Baked Olives - Serving Warmed Olives with Fresh Seasoning
Add a special touch to your next get-together or cocktail hour by just simply adding fresh herbs and serving your favorite olives warm.
by Piergiorgio and Amy Nicoletti
Table olives—black, brown, green, large or small—are a tantalizing way to lend color and taste to a vast array of appetizers and aperitivi. If you’re an olive lover, you already know how naturally delicious these wholesome goodies are—without any embellishment, straight from the olive bar, cured olives are an effortless way to enhance many plates and recipes. But, just as warming up or toasting your bread makes a remarkable difference in an antipasto course, you and your guests are sure to appreciate your taking that extra time to warm your olives before serving. The soothing warmth not only enhances the olives’ flavors and seasoning, but it also provides a delightful contrast with the cold cuts and cheeses—a special touch for your next get-together or just to liven up your evening cocktail hour.
Baking olives is an old Italian tradition, which probably originated in the south of Italy. It’s a very common practice in the Basilicata region—also called Lucania, whence the recipe derives its name—and in particular around the town of Matera, though similar methods have long been used in Sicily and Calabria as well. As olive harvesting must be done swiftly, many ripe black olives remain on the branches afterward—these are the ones traditionally used for baking. The cultivar doesn’t matter much, but large fruity olives are best. Traditionally, first, the olives would have been cured in the sun and then placed in the front of the communal wood-burning ovens used for baking bread. They would then be seasoned with extra virgin olive oil, garlic, hot peppers, wild fennel (finocchietto selvatico), orange zest and sometimes wild herbs—then, finally bottled.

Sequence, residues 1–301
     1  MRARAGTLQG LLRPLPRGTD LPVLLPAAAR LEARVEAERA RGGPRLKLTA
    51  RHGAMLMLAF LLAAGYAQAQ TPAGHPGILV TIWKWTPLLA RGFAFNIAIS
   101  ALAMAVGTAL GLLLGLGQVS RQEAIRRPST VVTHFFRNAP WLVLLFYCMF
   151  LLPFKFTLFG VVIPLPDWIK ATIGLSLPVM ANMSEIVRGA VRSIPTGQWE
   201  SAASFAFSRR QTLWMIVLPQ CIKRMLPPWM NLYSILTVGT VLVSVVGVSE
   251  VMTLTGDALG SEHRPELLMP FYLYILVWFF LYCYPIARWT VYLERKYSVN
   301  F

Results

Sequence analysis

Our recipes (see below) adapt many of the same ingredients and ideas for baking olives that have been practiced for centuries. Olive infornate (baked olives) or olive calde (warm olives) in Italian—are an ideal accompaniment for cheeses like mozzarella di bufala, caciocavallo and pecorino; they’re delicious with such salumi (air-cured meats) as capocollo and soppressata, as well. Italian contadini (farmers) still love to eat baked olives simply with good homemade bread.
Warm and Fresh Seasoning RECIPES:
Variations for baking already-cured olives:
1) You can enjoy delicious baked olives using already-cured ones: Bake them in a 120-degree oven for two hours on a baking sheet just as they are (unseasoned) and then season them as described above.
2) Take 2 pounds of your favorite already-cured olives and spread them with a bit of oil on a large baking sheet. Bake for about one hour in a 365-degree oven. In a bowl, mix well 3 tablespoons of extra virgin oil with some chopped rosemary, fennel seeds, a couple of chopped cloves of garlic, some fresh hot pepper, lemon juice and chopped orange zest. Coat the baked olives with the dressing and mix them. Let them rest for a few hours, mixing them once in a while before serving them with your favorite antipasto or simply with pecorino or goat cheese.